Harken Derm

Mike Long, Sailing Against the Wind

Published on August 21st, 2016

by Carrie Seidman, Herald Tribune
Michael Long wasn’t a bad kid, just too smart for his own good. His tumultuous early years were split between the opposing worlds of his divorced parents, in Sarasota, FL. Spurred by a lack of money, he became a kleptomaniac, starting small with clothing, phones and wallets and escalating to credit cards, guns and cars. Accumulating charges got him kicked out of high school as a sophomore and placed in a juvenile justice program. But the woman who admitted him, recognized one thing: “Honey, you don’t belong here.”

long

Mike Long

“I always thought I was smarter than my peers,” says Long, now 24 and dressed in a pressed shirt and lace-up shoes in advance of a business meeting. “Not book-wise, but more methodical, thoughtful, not as reactive. When I was put in the program I remember thinking, ‘Is this who people really think I am?’”

“It was a clean slate, a slate I didn’t want,” he says. “But the change gave me an opportunity to develop a new identity. I got obsessed with self-improvement. Everything I did was about how do I distance myself from my record and become a success?”

Miserable, but determined, he cut off past friends, didn’t socialize and focused on classes and grades. When his first choice, New College of Florida, rejected him, he petitioned for reconsideration and got in. There he found kids with “completely different lives, who were 1,000 times smarter than me.”

While still at New College, Long started a mentorship program matching his peers with at risk kids at Booker High School, using two-person sailboats to forge the connection.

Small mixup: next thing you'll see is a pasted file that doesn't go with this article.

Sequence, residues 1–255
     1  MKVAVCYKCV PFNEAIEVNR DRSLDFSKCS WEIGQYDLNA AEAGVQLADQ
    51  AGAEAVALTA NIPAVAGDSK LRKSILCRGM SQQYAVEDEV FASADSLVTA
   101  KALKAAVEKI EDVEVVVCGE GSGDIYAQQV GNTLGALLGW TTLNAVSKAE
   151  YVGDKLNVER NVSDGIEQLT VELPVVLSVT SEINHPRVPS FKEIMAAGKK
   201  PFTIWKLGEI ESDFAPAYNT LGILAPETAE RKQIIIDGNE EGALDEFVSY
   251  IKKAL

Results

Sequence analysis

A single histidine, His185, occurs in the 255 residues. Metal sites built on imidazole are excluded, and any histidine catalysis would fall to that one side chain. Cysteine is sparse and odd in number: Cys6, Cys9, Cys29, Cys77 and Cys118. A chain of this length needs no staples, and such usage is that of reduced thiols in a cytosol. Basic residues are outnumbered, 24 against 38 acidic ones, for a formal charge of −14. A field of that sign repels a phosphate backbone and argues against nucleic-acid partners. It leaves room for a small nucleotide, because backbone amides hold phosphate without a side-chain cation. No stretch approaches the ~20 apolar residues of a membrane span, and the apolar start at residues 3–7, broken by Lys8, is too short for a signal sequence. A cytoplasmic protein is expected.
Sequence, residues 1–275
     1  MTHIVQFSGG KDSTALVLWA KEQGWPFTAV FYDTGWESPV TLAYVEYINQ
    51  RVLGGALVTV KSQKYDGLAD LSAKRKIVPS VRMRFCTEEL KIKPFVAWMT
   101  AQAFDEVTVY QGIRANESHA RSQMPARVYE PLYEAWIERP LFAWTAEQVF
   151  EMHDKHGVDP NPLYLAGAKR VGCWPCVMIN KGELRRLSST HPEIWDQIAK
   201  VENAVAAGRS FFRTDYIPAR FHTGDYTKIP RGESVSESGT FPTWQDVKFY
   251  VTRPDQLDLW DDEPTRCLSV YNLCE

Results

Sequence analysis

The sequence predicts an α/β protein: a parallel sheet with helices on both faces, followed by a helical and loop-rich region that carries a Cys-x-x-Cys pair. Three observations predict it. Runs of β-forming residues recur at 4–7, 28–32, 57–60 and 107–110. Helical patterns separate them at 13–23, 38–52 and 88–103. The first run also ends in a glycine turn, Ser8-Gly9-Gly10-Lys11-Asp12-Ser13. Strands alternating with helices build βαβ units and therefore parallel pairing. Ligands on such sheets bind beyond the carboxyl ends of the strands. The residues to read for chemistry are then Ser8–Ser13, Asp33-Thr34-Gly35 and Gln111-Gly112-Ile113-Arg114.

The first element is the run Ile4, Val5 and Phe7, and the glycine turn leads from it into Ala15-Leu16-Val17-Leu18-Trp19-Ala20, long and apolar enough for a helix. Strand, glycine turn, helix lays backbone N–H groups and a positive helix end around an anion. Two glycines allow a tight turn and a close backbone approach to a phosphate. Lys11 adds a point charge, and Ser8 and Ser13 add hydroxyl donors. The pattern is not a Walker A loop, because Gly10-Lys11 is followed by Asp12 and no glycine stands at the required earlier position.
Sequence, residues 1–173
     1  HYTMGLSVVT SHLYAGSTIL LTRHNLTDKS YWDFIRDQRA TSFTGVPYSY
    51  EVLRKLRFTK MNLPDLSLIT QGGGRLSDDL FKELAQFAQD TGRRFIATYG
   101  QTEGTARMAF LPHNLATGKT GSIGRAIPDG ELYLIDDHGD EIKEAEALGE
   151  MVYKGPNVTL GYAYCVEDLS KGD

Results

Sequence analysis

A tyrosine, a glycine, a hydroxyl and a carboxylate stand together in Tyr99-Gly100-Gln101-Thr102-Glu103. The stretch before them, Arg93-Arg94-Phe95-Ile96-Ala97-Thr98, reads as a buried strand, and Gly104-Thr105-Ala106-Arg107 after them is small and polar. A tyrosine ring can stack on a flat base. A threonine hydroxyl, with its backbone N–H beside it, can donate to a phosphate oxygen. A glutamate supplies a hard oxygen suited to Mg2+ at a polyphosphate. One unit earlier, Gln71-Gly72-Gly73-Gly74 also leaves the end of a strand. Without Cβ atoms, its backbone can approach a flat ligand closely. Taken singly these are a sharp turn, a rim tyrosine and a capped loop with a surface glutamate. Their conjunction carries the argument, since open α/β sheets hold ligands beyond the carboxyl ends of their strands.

“Everything you do concerning education comes back to relationship and that relationship will determine every person’s outcomes,” he says. “So the boat ended up being, unintentionally, a really innovative tool.”

Well before graduating in 2014 with a degree in public policy, Long had established Sail Future, a501c3 to use sailing as a spark for transformational change. But his target market was not the relatively benign high school population.

“I got an idea to break kids out of jail and make the boat an alternative to incarceration,” he says. “We lock kids up for really stupid reasons. I wanted to build something more and make a statement. Why are we putting kids in prisons and not on boats?”

Though a combination of luck and initiative, he inherited a 65’ yacht, “Defy the Odds,” that could sleep 10 to 12. Two problems: It was in terrible shape. And it was in Turkey. Long and a friend flew to Ankara, put $80,000 on credit card to fix it up and ran charter trips for donors to pay off the debt. Then he convinced officials in several states to hand over nine juvenile offenders with a lurid assortment of felony charges.

While the goal he’d fixated on, having the team participate in a 3,000-mile, 20-day “Sail for Justice” across the Atlantic, didn’t come to pass, turning lives around by giving participants a “sense of purpose” did. – Full Story.

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